You are looking at 1 - 10 of 12 items

  • Author or Editor: Claire A. Hill x
  • Chapters/Articles x
Clear All Modify Search
This content is available to you

Edited by Claire A. Hill and Steven Davidoff Solomon

You do not have access to this content

Claire A. Hill and Brett H. McDonnell

In this chapter, we discuss how to reconcile orthodox theory’s tenet that markets correctly value a company’s prospects, no matter how far in the future they are, so that short- and long-term shareholders’ interests should be the same, with the contrary view, held by many commentators, that the interests are in conflict, and that short-term investors have pressured companies to take actions that further the short term at the expense of the long term. We consider reasons why that theory might be wrong, and make some suggestions for ways to proceed. In our view, there is plausible, and perhaps sufficient, evidence of a problem from shareholders’ perspective – corporations may indeed be shunning some potentially higher-yielding long-term strategies, emphasizing instead the short-term strategies that yield cash and savings in the short term. There may be a problem from the societal perspective as well, which is separate from but related to the question of short-term strategies. The market may be addressing the shareholder problem, although perhaps not sufficiently, and probably not sufficiently quickly. The societal problem, the underprovision of public goods, and the imposition of negative externalities, is far trickier to address. We offer some suggestions which might help on both fronts. That being said, in some cases, the conflict between a shareholder value maximization perspective and a societal perspective may be intractable.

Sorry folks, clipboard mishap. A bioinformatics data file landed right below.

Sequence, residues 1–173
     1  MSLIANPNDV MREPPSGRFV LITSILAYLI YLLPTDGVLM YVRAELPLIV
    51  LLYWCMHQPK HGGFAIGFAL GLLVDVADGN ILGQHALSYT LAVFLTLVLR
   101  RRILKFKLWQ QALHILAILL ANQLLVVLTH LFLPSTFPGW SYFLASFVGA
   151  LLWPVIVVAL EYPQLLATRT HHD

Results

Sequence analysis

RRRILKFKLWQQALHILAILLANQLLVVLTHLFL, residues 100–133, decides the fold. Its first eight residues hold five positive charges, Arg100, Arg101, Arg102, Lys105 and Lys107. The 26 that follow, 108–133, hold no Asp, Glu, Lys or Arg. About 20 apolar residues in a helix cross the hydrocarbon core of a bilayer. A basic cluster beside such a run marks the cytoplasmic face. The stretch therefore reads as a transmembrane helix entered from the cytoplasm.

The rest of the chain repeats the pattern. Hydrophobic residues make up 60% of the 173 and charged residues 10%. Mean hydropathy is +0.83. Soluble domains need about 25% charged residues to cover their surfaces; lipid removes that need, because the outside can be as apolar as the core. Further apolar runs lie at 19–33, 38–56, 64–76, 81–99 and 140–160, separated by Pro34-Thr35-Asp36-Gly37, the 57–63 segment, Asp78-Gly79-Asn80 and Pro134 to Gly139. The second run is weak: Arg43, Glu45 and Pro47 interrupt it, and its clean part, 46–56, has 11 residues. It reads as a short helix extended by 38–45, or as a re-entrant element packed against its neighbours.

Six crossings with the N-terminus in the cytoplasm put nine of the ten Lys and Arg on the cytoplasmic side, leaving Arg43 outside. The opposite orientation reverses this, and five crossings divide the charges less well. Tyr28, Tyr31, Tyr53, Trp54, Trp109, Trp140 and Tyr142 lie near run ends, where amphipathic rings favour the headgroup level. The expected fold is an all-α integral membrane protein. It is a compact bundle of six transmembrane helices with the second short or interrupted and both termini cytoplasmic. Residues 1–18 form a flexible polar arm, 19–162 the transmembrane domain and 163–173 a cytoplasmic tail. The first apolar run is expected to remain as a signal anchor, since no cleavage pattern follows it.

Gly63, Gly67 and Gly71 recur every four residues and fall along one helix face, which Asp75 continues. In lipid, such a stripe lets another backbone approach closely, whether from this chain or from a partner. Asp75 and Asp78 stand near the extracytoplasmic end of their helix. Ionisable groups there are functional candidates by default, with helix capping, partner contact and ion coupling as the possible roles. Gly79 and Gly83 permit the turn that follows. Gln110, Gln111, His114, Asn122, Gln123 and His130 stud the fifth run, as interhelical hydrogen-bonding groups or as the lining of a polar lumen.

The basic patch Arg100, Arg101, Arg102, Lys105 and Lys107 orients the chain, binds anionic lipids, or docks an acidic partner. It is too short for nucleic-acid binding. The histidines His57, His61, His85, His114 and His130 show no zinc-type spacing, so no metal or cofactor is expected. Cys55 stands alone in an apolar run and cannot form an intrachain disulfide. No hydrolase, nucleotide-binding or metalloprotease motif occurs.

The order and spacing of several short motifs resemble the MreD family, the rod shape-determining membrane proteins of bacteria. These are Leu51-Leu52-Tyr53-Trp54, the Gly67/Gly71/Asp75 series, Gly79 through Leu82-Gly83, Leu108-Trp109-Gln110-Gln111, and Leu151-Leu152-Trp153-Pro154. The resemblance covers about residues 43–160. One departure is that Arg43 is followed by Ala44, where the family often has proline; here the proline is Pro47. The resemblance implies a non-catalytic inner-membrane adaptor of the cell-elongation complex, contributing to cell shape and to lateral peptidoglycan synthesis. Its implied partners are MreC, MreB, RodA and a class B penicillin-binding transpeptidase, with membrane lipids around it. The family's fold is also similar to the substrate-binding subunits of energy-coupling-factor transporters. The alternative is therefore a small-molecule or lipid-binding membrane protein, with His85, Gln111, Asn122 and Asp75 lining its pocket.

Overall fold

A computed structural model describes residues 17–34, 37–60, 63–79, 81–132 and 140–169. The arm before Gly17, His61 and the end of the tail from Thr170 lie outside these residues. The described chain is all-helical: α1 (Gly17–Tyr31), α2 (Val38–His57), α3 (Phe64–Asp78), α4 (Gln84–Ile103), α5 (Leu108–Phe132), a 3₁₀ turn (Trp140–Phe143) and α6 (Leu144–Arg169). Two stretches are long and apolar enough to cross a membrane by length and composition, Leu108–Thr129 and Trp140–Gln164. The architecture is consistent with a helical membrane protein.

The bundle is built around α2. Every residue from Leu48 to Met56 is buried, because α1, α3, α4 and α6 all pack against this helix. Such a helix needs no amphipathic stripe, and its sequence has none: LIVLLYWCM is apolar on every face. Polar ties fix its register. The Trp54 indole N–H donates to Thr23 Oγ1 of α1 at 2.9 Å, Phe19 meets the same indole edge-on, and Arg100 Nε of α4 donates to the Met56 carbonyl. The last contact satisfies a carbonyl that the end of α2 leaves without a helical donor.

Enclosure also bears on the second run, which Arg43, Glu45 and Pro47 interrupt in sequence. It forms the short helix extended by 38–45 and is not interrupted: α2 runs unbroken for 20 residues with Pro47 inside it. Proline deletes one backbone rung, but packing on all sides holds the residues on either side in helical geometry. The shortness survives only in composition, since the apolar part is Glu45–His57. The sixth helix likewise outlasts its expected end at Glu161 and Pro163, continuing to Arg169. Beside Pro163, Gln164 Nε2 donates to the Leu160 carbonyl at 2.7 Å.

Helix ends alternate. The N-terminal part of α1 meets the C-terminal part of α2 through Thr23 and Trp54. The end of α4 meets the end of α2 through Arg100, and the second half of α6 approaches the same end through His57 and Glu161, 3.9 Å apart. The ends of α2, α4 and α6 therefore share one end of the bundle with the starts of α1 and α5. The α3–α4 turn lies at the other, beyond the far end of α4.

You do not have access to this content

Claire A. Hill and Brett H. McDonnell

You do not have access to this content

Claire A. Hill and Brett H. McDonnell

Structural bias has traditionally been a significant obstacle to adequate director monitoring. For a period of time early this century, the development of a fiduciary duty of good faith suggested that the Delaware courts were becoming serious about addressing structural bias, something we celebrated in previous work. In this chapter, after reviewing the concept of structural bias, we consider how Delaware’s corporate fiduciary duty law has evolved relevant to the concept. We find that recent case law calls into question how much force the duty of good faith has to address structural bias. That may be a serious problem, or it may not. Fiduciary duty law is not the only way to address structural bias. Other legal and non-legal mechanisms may address the problems that structural bias creates, and those mechanisms have evolved significantly. We ask whether other developments in this century have affected whether directors will be subject to structural bias, and whether, if they are so subject, they will be able to act on it. These developments include: the well-known monitoring failures at Enron, WorldCom, and Adelphia, proxy access, say on pay, independent director requirements, increasing diversity on boards, the increasing role of government in monitoring companies when Deferred and Non-Prosecution Agreements are entered into, and the rise of economic activism by hedge funds and corporate social responsibility. We conclude by pondering (inconclusively) what all of this may entail for future development of corporate fiduciary duties.

This content is available to you

Claire A. Hill and Brett H. McDonnell

You do not have access to this content

Claire A. Hill and Brett H. McDonnell

You do not have access to this content

Claire A. Hill and Brett H. McDonnell

This content is available to you

Steven M. Davidoff and Claire A. Hill

You do not have access to this content

Steven M. Davidoff and Claire A. Hill